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West Region economic review


Scottish Enterprise (SE) commissioned a series of economic reviews focusing on the functional economic geographies of the regions that form SE’s operating area: Aberdeen City and Shire, Dundee City Region, East Region, West Region and South of Scotland. The objectives of the review were to: review economic trends and performance since 1999; assess the potential contribution of each region to the Government Economic Strategy’s (GES’s) targets; and to assess the likely impact of the recession on each region. This report covers the local authority areas of Argyll and Bute, East Ayrshire, East Dunbartonshire, East Renfrewshire, Glasgow, Inverclyde, North Ayrshire, North Lanarkshire, Renfrewshire, South Ayrshire, South Lanarkshire and West Dunbartonshire.


The GES’s seven purpose targets form the basis for assessing progress towards improving Scotland’s economic performance, and provide structure to the review. The review took the following approach: an examination of the global and national economic context; a review of recent economic trends and performance in the region; a comparison of performance with other regions; an assessment of the industrial structure of the region, including representation within key growth sectors; consideration of infrastructure and place issues; the performance of local authority areas within the region; and a final economic outlook for the region.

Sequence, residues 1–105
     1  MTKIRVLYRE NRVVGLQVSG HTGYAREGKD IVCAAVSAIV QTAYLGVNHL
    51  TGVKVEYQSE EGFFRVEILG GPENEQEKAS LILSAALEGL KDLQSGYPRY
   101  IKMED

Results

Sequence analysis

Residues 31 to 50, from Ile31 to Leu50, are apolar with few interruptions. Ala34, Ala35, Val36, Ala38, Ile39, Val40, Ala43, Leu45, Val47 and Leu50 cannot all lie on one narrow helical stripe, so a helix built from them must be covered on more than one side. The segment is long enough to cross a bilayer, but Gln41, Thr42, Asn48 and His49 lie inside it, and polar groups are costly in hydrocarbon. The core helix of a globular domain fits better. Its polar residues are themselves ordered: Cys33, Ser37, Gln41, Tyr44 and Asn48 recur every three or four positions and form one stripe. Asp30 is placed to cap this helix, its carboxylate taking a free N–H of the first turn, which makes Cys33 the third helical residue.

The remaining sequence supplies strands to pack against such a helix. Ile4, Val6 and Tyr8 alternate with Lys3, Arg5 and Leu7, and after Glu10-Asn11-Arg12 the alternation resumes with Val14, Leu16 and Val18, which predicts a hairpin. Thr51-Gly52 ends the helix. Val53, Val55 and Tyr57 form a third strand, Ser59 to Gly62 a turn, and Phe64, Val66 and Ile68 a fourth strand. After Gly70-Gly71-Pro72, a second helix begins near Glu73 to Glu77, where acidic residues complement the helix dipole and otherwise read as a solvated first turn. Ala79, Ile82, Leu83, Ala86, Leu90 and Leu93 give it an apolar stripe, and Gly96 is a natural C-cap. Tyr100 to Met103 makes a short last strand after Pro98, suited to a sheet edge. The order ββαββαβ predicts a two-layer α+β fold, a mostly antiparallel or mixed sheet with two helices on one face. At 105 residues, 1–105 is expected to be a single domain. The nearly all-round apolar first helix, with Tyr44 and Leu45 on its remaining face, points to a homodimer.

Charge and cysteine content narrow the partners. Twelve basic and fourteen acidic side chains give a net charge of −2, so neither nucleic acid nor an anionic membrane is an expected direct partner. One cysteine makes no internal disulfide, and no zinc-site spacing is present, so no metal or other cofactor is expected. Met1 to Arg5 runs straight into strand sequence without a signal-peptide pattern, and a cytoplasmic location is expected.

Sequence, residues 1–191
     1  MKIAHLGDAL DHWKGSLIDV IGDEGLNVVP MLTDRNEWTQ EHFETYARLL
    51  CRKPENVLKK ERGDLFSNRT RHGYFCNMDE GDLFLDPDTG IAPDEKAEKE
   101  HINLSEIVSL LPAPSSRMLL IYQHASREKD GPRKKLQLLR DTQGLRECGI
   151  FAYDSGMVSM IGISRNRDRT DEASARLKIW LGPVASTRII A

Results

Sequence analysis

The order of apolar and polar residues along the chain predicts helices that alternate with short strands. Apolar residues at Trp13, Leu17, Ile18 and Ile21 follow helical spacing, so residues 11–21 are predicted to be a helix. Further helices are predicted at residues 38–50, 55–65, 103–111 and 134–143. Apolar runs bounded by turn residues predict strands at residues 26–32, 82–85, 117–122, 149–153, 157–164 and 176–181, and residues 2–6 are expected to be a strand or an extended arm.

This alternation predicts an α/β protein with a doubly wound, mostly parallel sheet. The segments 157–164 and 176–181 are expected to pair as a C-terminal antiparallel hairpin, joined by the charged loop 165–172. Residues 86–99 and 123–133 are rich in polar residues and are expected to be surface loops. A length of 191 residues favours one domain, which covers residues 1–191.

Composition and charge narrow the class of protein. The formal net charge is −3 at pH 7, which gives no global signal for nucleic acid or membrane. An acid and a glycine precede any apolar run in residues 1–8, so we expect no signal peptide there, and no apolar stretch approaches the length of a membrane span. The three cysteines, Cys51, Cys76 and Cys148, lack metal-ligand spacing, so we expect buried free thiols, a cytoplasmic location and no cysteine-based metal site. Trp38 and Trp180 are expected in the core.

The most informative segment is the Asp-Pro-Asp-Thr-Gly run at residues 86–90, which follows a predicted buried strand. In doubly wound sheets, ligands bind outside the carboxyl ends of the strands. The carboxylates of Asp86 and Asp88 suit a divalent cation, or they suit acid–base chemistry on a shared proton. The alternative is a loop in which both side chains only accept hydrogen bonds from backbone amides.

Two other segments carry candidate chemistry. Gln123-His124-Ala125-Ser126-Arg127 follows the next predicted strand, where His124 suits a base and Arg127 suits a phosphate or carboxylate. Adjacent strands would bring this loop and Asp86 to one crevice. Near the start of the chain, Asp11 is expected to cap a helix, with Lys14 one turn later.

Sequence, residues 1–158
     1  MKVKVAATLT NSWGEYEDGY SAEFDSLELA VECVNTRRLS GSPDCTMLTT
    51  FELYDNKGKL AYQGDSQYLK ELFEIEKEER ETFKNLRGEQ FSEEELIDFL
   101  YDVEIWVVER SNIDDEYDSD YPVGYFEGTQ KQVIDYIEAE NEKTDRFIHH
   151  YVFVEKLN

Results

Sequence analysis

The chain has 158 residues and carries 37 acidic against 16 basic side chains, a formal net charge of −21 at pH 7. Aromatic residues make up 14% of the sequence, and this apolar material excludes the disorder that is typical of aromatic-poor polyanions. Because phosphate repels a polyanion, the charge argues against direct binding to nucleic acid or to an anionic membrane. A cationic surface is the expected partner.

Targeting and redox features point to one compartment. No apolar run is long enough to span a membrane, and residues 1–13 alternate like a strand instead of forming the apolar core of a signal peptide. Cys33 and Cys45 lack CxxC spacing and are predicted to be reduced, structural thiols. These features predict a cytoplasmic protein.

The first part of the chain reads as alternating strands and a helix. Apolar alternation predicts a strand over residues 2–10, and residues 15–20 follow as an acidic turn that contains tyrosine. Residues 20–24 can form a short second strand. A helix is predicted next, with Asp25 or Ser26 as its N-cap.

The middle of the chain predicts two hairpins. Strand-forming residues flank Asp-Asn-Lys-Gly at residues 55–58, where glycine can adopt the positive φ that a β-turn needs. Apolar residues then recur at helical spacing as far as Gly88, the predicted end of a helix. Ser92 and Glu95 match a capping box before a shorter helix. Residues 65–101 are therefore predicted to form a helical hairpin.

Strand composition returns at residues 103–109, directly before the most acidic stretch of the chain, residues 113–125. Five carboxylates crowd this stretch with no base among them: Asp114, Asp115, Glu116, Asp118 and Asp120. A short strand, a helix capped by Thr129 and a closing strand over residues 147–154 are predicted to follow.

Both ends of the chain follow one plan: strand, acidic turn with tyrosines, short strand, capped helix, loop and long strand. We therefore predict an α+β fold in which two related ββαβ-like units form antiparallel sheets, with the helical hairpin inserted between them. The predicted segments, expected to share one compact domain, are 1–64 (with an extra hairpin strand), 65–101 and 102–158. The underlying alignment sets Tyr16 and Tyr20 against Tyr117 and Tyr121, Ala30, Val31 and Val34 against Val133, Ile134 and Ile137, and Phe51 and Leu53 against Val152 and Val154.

The review concludes that: economic growth in the region has lagged behind the Scottish and UK averages since 1999, and it is predicted that, although progress is expected, a significant gap will remain between GVA growth rates in the region and in the UK as a whole; GVA per employee is lower than both Scottish and UK averages; employment rates are lower than both Scottish and GB averages, but substantial improvements were made in the period 1999-2007; the gap between the region’s employment rate and the GB average is likely to remain at two per cent; economic inactivity and benefit dependency rates have decreased, but still lagged behind national averages before the recession; the region’s population has remained relatively stable since 1999 and is expected to remain so over the coming decade; median earnings are slightly lower than Scotland as a whole, and evidence of wide disparities in overall household income exists; employment rates have improved substantially since 1999 but several authorities are among the worst performing areas in Scotland; the region accounts for one third of Scotland’s CO2 emissions, but emissions per head are lower than Scottish and UK averages; the impact of the recession is predicted to be more severe than across Scotland, but less severe compared to the UK; and the region is expected to recover more slowly than the UK as a whole.


It was not within the remit of the review to make recommendations.

Author SLIMS; Oxford Economics
Published Year 2010
Report Type Research
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